Yes. I have been a champion in fighting for District funding for the needle exchange program. Whitman Walker Clinic in fact has been at the forefront of providing information about clean needle exchange programs to Congresswoman Norton, Congressmen Moran and Wynn and others, in the fight against Congressional intervention on this issue. We must do all in our power to reduce the incidence of HIV transmission – yhis program is one important part of that.

Do you support the current District policy, sanctioned by a court ruling, of allowing adoptions by unmarried couples?

Wholeheartedly, Yes. More support is needed for adoptions of children in and by our community. Should there be restrictions of any type they should, of course, apply equally across the board, without regard to the sexual orientation of the prospective parents, nor to the notion that a piece of paper, recognizing the "legality of the relationship. Unlike Newt Gingrich, I believe that children belong in a loving home, rather than languishing in foster care or in institutions. Many couples, both straight as well as gay are now proving every day how capable they are to the most important task of raising children. I will work with the community to fight Congressional interference on this issue.

Do you support both an increased budget for the Office of Human Rights (OHR) so that it’s heavy case backlog can be eliminated, and the establishment of OHR as an independent, Cabinet-Level agency whose Director has direct access to the Mayor?

Yes and Yes. OHR must be separated from the Office of Minority Business Development.

OHR must seek, especially in light of the City’s financial condition all federal funds that are available to process cases. These funds would allow the City to hire needed investigators who can process back logged cases. I support mandatory mediation at OHR before an investigation is launched into a complaint and support the current policy of giving automatic priority is granted to complaints involving allegations of HIV/AIDS discrimination.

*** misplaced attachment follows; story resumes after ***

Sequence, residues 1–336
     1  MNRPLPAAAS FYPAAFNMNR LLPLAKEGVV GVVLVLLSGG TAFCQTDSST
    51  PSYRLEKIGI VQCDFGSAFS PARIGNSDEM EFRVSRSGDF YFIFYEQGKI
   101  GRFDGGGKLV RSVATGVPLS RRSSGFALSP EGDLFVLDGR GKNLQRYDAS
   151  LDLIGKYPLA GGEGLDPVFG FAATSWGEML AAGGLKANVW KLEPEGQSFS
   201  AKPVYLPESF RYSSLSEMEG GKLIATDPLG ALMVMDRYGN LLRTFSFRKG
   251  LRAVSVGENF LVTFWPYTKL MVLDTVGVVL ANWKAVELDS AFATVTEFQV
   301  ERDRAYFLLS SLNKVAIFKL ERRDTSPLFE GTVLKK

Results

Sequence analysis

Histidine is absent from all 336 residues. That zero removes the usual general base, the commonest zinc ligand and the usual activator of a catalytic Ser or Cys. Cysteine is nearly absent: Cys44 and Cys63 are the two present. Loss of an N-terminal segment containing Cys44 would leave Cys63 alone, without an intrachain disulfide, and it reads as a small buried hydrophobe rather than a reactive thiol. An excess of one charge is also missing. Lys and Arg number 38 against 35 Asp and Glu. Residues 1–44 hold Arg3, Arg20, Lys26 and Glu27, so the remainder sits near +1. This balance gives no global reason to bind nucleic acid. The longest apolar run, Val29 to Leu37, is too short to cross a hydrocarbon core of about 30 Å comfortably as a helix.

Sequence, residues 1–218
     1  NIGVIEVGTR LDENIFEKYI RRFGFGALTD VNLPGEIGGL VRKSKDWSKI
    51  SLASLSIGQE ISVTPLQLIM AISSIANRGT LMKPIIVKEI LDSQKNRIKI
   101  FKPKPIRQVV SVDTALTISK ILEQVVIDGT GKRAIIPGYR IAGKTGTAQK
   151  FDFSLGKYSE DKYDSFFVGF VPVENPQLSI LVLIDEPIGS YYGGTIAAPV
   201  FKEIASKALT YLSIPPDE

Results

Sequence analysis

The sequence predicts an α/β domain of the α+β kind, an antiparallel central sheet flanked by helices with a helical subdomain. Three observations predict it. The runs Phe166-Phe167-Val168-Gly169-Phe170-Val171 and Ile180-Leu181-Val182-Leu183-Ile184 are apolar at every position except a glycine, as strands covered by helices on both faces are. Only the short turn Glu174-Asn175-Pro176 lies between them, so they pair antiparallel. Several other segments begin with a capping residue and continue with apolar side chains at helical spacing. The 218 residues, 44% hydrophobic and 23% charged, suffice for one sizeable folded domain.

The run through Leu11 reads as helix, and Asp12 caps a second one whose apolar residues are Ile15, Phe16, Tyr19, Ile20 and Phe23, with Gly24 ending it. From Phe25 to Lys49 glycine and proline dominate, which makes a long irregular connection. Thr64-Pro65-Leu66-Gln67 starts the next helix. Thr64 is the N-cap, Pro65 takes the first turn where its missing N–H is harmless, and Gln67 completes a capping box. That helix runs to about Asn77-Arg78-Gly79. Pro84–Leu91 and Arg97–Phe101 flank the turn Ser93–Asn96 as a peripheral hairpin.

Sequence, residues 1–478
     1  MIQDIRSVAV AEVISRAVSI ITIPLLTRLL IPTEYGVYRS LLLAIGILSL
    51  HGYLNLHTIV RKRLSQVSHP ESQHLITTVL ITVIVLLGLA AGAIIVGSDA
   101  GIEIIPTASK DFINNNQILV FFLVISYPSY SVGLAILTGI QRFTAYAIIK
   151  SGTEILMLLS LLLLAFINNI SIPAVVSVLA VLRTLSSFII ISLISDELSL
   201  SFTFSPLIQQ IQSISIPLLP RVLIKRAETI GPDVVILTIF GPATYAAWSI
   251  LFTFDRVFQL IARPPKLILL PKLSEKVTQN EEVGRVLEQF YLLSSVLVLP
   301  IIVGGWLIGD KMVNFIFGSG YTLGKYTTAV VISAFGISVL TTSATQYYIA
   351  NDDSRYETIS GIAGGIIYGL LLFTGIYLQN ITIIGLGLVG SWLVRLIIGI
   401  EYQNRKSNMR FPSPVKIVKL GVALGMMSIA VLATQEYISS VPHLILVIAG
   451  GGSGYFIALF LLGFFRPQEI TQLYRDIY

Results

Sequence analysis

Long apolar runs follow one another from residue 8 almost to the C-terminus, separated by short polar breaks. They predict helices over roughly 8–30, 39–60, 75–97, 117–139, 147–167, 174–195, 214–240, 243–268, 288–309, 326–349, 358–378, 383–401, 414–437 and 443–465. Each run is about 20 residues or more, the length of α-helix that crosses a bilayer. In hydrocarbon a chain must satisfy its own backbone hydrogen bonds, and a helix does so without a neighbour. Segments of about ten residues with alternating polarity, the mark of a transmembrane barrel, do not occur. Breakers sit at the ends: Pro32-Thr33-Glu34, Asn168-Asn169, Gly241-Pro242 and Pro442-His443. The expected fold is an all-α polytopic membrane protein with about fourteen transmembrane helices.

Will you support legislation codifying OHR’s practice of granting top priority to discrimination complaints from those afflicted with AIDS or other life shortening conditions?

Yes. I am not about to turn my back on people with AIDS or other life threatening conditions should I be elected to represent the residents of Ward One as a member of the City Council. Not only will I support such legislation, I will introduce it.

Proposals for establishing a system of vouchers for private schools, whether here or elsewhere around the country, would funnel taxpayer dollars to religious schools controlled by denominations that frequently are aggressively homophobic. Will you oppose any legislation authorizing vouchers for religious schools?

Yes. Our tax dollars should not go to hate academies run by Pat Robertson or Louis Farrakhan. Legislation to authorize vouchers for religious schools would almost certainly be a death knell for the public school system. I believe there is a real value to the commonality of experience that kids get in the public school system and learning about the diversity of the real world. I am a product of public schools and I know they can work. We have a system that is broken. It must – and can be fixed. Arlene Ackerman has been on the job (as Superintendent ) for less than a year. Recently, the Washington Post ran an extensive article that gave high praise for this years’ summer school session. This should not have received the play that it did. We should not applaud that which is expected.

Lastly, as Eleanor Holmes Norton said of vouchers last week, " this is a bill that has become an excuse for indulging the controversial, social and financial whims of some members [of the House] that is unfair to you, unfair to me, and unfair to DC residents. Should any legislation be introduced during my term of office, I will not only oppose it, I will aggressively lobby against it.